• Fire has the highest Mt (usually more than twice the Wind tome) among the animas and the cheapest price. They are reliable at dealing a single huge damage against most opponents.
  • Light grants LCK boost, has the most accurate hit rate of all, and effective against demons.
  • Dark deals the biggest damage and has more varieties when it comes to gameplay use; Goetia being the normal dark tome, Fenrir strikes from 10 tiles away, Hel reduces HP to 1 and Edknrssa (Enemy PRF) deals multiple status (poison, sleep, stun, silence), reduces LCK and prevents any unit hit by it from regaining HP throughout the chapter.
  • Ice may inflict sleep status on enemy, although it only exists as Blizzard in my game.

I use the classic GBA magic system, for the most part.

Dark magic is basically the same. It hits hard, is inaccurate, and has a lot of unique effects. (Nosferatu works like normal, Fenrir has 1-3 range, and a couple of new spells like ‘Diablo’ to hit DEF instead of RES when dealing with magic users.)

Anima magic is more accurate, but weaker. The only unique spell is Aircalibur.

Light magic… just kind of sucks. All of the spells have accuracy on par with Dark Magic, but worse might than Anima. However, Light Magic has been combined with staves, so clerics/priests/troubadours have a basic weak attack and Sages can level up their staff rank quickly.

I also added a new “Stone” magic type. This weapon type is based on the Dragonstones you’d find in Fire Emblem, giving you various stat boosts. However, it’s character based rather than class based.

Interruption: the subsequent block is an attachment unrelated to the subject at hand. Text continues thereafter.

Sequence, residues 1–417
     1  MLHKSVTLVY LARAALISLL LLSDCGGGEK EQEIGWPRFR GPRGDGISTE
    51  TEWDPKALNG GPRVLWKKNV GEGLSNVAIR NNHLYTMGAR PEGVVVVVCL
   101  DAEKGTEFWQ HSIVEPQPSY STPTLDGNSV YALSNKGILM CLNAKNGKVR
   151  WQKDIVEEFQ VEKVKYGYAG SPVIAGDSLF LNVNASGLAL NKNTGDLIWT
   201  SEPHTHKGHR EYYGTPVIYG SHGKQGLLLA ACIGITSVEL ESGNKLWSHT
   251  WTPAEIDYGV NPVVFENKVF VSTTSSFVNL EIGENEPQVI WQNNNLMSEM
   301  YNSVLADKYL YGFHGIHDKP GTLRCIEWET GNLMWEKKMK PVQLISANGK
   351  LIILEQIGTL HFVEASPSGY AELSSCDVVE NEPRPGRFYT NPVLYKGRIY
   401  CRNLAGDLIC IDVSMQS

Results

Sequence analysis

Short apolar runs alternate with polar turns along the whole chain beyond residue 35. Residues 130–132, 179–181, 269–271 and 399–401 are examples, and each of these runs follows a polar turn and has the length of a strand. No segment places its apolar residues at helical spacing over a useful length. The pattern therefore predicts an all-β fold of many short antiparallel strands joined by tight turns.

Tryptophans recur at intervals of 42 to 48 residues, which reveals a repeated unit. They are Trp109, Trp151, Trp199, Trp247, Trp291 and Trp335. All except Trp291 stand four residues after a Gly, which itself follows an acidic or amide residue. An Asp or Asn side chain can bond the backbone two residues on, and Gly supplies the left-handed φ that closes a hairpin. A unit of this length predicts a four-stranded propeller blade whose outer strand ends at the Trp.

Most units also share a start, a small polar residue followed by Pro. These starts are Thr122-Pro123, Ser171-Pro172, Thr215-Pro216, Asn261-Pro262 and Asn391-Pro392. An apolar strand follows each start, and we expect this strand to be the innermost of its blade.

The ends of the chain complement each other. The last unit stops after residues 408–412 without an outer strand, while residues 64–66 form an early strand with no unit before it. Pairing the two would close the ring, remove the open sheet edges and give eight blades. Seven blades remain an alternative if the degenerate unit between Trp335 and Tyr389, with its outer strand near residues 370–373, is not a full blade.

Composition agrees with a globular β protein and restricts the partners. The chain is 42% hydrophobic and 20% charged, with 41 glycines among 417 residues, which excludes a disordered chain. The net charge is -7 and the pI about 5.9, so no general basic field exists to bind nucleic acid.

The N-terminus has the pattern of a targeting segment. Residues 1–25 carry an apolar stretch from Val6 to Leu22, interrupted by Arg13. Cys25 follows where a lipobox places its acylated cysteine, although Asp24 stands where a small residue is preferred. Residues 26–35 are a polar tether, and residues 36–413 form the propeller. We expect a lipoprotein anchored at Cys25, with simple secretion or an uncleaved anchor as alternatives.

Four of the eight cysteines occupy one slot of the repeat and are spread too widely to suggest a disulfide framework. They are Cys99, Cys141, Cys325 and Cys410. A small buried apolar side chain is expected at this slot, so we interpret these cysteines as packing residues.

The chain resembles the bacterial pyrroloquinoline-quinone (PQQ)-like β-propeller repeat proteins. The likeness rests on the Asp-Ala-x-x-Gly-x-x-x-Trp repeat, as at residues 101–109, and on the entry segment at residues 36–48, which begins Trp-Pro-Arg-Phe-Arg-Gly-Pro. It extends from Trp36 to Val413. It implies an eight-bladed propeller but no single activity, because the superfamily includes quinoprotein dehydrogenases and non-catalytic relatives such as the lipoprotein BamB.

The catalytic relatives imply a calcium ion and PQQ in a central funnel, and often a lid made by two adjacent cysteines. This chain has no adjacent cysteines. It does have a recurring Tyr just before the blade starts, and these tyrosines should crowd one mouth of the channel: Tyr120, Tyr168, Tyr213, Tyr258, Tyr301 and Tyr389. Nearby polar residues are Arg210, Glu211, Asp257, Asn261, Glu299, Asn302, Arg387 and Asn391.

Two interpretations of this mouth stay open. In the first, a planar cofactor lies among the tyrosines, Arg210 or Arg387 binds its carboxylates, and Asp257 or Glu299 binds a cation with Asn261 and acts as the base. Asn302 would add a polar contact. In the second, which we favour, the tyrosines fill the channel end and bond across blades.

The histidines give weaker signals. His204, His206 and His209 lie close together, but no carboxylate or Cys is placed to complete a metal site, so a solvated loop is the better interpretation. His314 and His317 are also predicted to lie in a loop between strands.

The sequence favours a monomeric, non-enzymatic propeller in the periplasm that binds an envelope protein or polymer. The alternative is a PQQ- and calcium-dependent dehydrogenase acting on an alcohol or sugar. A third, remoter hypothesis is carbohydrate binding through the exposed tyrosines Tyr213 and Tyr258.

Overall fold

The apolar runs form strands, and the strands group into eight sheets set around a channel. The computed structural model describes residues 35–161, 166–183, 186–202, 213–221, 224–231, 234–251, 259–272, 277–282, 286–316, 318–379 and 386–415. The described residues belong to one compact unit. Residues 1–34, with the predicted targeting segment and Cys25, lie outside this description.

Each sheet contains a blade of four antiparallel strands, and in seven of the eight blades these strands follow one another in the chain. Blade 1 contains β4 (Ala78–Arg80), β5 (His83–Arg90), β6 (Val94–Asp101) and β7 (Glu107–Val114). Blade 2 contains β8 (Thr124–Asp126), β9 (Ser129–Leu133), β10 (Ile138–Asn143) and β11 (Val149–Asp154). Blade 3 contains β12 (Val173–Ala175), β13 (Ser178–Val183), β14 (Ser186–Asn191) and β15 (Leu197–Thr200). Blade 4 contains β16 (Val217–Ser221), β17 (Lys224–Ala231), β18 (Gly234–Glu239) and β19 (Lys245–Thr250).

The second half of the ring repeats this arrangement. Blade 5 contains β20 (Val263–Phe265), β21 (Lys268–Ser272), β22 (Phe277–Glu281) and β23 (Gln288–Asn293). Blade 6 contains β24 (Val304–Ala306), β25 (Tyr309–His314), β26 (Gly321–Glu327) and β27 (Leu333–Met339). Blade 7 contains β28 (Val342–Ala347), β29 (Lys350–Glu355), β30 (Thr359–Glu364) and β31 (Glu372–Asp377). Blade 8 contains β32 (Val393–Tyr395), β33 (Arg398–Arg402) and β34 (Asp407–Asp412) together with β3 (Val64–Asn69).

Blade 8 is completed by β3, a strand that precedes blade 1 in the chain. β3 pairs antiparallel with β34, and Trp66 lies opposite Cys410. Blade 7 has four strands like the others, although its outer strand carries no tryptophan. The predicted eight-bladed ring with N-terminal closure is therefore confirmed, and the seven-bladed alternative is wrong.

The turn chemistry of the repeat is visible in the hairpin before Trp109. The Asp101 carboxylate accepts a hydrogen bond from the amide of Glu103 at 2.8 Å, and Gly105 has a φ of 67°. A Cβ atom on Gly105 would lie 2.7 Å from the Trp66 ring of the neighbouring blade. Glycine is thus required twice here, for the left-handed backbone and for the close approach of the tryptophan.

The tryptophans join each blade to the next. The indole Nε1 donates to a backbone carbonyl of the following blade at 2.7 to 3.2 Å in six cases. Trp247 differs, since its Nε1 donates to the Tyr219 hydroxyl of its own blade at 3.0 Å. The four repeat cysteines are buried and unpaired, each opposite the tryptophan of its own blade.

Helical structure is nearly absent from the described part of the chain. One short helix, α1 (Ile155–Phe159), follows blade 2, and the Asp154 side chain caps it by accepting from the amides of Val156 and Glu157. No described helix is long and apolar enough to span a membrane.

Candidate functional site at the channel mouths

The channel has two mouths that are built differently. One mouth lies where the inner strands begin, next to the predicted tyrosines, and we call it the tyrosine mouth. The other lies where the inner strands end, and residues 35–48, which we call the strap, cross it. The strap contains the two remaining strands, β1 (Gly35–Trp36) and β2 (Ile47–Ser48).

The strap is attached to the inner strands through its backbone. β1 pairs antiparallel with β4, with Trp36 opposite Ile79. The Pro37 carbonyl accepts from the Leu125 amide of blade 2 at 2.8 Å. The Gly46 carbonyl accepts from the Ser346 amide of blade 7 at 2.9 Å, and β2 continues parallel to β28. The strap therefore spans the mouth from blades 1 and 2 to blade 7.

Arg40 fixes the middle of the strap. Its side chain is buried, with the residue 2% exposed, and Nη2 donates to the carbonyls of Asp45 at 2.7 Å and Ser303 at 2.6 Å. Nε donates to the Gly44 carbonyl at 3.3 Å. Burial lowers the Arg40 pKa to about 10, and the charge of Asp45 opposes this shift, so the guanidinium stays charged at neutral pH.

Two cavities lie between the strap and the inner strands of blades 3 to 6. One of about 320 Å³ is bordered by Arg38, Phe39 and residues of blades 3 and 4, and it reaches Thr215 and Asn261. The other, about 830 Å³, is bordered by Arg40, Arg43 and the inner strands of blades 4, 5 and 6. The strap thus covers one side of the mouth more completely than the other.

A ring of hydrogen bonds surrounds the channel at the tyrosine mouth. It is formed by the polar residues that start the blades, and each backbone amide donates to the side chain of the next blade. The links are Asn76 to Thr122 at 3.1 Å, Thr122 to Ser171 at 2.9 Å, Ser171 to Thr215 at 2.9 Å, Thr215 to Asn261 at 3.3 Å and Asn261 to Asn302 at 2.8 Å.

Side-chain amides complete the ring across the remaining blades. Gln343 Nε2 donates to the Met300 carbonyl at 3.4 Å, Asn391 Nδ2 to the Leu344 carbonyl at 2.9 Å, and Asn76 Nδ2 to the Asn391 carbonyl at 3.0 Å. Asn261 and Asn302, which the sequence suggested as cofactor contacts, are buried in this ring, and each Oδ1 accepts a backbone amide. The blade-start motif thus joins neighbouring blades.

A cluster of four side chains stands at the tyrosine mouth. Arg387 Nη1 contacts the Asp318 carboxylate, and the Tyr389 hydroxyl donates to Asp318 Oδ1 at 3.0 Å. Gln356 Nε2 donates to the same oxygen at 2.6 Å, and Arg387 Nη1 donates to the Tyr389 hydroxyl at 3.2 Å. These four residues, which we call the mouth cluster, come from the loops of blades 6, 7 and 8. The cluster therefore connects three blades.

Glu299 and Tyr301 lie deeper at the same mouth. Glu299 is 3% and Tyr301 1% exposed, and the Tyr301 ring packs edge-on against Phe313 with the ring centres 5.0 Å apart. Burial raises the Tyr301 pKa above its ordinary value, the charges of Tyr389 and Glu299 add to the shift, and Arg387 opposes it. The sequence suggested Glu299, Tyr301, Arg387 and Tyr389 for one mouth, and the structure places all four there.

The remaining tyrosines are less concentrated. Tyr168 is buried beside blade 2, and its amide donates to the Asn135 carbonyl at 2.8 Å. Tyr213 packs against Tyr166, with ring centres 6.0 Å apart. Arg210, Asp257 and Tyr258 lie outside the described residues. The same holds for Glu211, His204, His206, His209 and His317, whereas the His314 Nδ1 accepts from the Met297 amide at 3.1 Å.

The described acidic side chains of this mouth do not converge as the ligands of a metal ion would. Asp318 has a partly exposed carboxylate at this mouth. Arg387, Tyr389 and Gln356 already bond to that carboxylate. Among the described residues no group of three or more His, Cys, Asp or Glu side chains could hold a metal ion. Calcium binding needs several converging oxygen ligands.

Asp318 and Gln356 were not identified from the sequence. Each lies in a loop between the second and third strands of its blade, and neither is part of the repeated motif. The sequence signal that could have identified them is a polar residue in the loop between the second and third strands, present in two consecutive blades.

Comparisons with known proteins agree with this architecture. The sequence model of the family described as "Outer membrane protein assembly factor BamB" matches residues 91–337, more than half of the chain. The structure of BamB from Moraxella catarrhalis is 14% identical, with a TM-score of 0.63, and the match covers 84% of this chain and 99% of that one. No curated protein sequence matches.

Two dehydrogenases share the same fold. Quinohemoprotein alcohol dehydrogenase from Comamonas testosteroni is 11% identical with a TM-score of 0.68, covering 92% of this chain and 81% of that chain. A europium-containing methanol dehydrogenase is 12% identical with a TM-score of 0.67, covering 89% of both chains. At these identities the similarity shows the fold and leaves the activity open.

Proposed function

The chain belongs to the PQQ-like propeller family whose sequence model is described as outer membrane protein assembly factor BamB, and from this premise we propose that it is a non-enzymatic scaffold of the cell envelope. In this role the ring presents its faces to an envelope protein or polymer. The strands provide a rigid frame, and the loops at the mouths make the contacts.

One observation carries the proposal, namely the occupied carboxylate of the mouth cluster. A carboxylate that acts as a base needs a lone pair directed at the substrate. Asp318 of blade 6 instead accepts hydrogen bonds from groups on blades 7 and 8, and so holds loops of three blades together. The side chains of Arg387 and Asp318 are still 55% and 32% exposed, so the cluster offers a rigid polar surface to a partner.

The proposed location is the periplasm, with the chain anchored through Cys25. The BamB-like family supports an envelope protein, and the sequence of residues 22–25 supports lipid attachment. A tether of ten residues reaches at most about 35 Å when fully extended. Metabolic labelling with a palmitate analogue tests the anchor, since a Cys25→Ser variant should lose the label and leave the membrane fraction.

As for the classes themselves, I usually balance them like this.

Mage/Sage: Anima magic +Staves upon promotion. A good all-around class with no real specialty.
Shaman/Druid: Dark magic +Anima upon promotion. High defense and low speed, generally better at combat than the other magic users to compensate a lack of staves.
Priest/Bishop: Staves +Dark upon promotion. Weird, I know, but I wanted a second class to use dark magic. Generally the fastest, but frailest magic user.
Troubadour/Valkyrie: Locked to staves, even after promotion. With 2 more movement than the other classes, they should be relegated to utility only.

Edit: Magic users should have a place on any team just by virtue of attacking RES since enemies usually have higher DEF. That’s without even factoring in staves like Warp and even Restore.

Also, I don’t particularly care about the lore of magic, only how it affects gameplay. The only FE’s that really make magic feel powerful, in my opinion, are Kaga’s games since units either have terrible RES or your units literally do not have RES Growths (Or both, in FE1’s case). Magic is good in the later games too, but it’s not as much of a force to be reckoned with. (Especially in the Tellius games.)


for me I really like the fe gba magic triangle of the three magic types, and I think rescue staffs are incredibly useful and don’t exactly break any game. I would love the gba magic system with a promoted magic user having access to 2/3 of the magic types along with a class skill that acts like a spell but maybe it uses hp or something? I think mages are powerful enough because they target a whole seperate stat other than defense that most units aren’t adept in.